by Terri Windling
"There is a romantic idea that myth comes from the people," writes the great mythologist Joseph Campbell. "Itdoesn’t; it comes from the teacher, the shaman and visionary as the giver and interpreter of myth. The visionary translates what he sees into an artor ritual form. Myth must be kept alive. The people who can keep it alive are the artists of one kind or another. The function of the artist is themythologization of the environment and the world."
Mark Wagner is an artist who has dedicated his life to keeping myth alive in magical art that fairly dances off thepage with its crackling energy. His work is inspired by ancient stories from cultures all around the world — including the myths beneath our feet in the bones of the American landscape. To Mark (as to Joseph Campbell),these myths are not quaint relics of the distant past, but vibrant tales still relevant to modern art and modern life. "Life is a wheel,"he says. "The spokes are religion, science, mythology, psychology and the various healing disciplines. Art is the hub. Art is the magic that bringsthese things together. Then some magical force moves the wheel, like evolution, and art is created out of the movement and it holds everything together."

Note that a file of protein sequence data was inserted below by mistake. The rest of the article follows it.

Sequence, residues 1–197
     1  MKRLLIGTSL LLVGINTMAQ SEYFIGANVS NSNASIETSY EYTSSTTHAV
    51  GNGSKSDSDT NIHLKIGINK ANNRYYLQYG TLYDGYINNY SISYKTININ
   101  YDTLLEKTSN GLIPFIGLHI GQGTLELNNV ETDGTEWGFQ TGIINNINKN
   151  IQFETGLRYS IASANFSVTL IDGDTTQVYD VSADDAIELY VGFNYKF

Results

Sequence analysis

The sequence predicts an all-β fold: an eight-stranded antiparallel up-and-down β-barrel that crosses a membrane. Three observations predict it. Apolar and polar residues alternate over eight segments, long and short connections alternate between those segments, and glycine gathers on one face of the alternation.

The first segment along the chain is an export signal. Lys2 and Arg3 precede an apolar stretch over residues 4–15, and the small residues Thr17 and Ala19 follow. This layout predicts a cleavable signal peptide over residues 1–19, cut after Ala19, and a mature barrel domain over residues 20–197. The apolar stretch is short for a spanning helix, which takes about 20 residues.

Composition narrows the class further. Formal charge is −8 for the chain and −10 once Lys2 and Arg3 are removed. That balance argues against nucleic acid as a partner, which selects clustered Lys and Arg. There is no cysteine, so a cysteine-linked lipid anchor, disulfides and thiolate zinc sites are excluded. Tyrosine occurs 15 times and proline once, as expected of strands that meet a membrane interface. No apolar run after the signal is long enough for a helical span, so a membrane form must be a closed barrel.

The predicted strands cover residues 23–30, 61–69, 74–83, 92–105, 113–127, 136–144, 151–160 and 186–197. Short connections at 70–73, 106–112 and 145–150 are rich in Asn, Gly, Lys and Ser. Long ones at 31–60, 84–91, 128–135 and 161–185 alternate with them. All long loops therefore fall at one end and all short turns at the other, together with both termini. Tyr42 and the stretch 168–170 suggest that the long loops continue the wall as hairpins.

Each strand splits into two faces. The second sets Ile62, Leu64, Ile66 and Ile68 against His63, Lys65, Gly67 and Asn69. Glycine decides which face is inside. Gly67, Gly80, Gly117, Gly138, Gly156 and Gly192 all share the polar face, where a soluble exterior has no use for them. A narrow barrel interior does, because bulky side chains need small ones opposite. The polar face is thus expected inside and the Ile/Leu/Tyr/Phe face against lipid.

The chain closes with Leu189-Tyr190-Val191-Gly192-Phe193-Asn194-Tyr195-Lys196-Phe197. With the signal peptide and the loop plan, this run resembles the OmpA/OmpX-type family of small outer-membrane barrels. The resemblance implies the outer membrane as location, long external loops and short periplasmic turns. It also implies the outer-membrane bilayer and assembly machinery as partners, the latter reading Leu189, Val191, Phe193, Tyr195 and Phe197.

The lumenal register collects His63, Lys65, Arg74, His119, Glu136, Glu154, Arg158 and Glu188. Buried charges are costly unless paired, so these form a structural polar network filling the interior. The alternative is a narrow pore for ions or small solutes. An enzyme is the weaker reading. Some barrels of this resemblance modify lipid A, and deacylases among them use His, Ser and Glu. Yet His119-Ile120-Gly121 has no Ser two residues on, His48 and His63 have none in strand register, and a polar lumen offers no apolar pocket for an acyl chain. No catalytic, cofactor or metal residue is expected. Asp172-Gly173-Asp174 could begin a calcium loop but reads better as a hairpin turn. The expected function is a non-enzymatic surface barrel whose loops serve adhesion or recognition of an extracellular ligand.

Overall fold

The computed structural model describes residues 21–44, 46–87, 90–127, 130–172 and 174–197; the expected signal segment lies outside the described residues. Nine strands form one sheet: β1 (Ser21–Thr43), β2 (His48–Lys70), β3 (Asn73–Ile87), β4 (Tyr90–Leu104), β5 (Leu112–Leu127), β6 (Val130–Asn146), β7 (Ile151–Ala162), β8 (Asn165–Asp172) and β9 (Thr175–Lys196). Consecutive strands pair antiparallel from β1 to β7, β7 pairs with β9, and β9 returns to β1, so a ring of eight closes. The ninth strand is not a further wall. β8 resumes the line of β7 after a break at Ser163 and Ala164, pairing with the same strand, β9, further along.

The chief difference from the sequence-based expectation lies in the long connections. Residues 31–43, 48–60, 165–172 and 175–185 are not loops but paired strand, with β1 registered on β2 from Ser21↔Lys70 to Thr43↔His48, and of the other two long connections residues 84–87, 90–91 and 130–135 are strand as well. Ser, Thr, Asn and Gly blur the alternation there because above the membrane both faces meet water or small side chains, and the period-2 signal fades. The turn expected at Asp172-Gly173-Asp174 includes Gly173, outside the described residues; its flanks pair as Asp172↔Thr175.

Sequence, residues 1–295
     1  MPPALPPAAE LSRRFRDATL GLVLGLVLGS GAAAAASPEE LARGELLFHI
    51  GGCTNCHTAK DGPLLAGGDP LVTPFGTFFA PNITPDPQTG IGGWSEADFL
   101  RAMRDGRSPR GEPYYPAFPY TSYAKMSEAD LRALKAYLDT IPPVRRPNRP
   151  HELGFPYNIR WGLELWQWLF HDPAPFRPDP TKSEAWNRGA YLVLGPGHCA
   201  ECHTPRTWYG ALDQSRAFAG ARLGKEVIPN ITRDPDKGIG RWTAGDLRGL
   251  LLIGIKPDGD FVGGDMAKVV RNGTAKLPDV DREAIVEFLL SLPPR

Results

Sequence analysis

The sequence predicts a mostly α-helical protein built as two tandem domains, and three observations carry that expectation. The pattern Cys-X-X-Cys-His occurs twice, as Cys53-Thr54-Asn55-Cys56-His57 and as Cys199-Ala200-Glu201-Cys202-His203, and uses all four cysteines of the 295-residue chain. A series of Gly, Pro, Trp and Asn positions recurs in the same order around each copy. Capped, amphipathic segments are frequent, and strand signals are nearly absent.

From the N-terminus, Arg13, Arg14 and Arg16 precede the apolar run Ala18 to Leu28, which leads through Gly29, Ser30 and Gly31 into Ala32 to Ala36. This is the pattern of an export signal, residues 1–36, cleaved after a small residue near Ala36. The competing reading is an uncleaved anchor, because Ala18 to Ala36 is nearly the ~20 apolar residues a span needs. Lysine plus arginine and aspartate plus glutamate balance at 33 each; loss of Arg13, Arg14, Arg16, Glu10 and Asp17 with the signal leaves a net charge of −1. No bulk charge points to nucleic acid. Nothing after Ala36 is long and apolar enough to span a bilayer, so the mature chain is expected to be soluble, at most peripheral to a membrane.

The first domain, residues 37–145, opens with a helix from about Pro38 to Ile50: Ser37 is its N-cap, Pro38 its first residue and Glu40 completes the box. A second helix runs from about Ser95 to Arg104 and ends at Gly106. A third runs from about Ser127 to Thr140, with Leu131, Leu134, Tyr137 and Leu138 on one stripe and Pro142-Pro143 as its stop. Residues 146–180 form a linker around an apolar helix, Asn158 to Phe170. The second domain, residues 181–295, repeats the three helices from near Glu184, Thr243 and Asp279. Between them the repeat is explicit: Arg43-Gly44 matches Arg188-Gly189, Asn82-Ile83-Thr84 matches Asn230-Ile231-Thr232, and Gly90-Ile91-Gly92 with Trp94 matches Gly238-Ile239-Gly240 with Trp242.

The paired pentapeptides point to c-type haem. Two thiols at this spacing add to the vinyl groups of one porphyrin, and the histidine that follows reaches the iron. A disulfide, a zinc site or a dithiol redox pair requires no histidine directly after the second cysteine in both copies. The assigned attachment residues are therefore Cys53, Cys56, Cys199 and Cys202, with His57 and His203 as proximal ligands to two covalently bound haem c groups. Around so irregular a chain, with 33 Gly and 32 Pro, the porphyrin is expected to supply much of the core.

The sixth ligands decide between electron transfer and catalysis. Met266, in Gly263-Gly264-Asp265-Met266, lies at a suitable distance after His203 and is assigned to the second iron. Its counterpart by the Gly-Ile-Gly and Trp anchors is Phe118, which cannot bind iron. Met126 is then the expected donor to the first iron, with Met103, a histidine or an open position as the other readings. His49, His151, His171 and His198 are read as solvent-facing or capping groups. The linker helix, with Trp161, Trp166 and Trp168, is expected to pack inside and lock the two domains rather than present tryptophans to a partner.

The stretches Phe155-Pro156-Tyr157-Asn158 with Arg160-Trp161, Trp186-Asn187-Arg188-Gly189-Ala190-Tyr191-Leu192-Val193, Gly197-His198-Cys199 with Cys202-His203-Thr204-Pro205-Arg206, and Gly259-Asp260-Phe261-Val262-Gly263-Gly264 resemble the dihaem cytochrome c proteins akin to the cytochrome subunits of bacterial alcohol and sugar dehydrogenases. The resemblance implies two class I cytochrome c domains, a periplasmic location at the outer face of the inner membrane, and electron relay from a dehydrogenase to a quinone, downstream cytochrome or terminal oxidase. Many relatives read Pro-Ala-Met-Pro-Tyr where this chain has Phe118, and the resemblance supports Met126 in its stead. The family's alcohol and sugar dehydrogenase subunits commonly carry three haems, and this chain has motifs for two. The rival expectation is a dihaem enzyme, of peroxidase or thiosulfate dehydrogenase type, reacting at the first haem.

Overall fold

Mark was born in Pennsylvania and grew upin Amish farm country, where he spent a great deal of his childhood in thewoods along the Susquehanna River. He studied at New York’s Pratt Institute,graduating cum laude with a BFA in illustration. He received a grant fromthe N.E.A. to explore computer–generated imagery and drew illustrationsof prehistoric bones for the Museum of Natural History. In 1982, he movedto New Mexico to live "the classic starving artist life." Surroundedby mountains, desert skies and the rich indigenous cultures of the West,his work underwent a profound change, rooting itself in the magic of theland: Native American rituals, Hispanic art and myths, and the transplantedlegends of peoples who came to this land from around the world. Mark’s paintingsbegan to explore the vital connection between humankind and the earth —particularly as this is expressed in shamanic stories told the world over.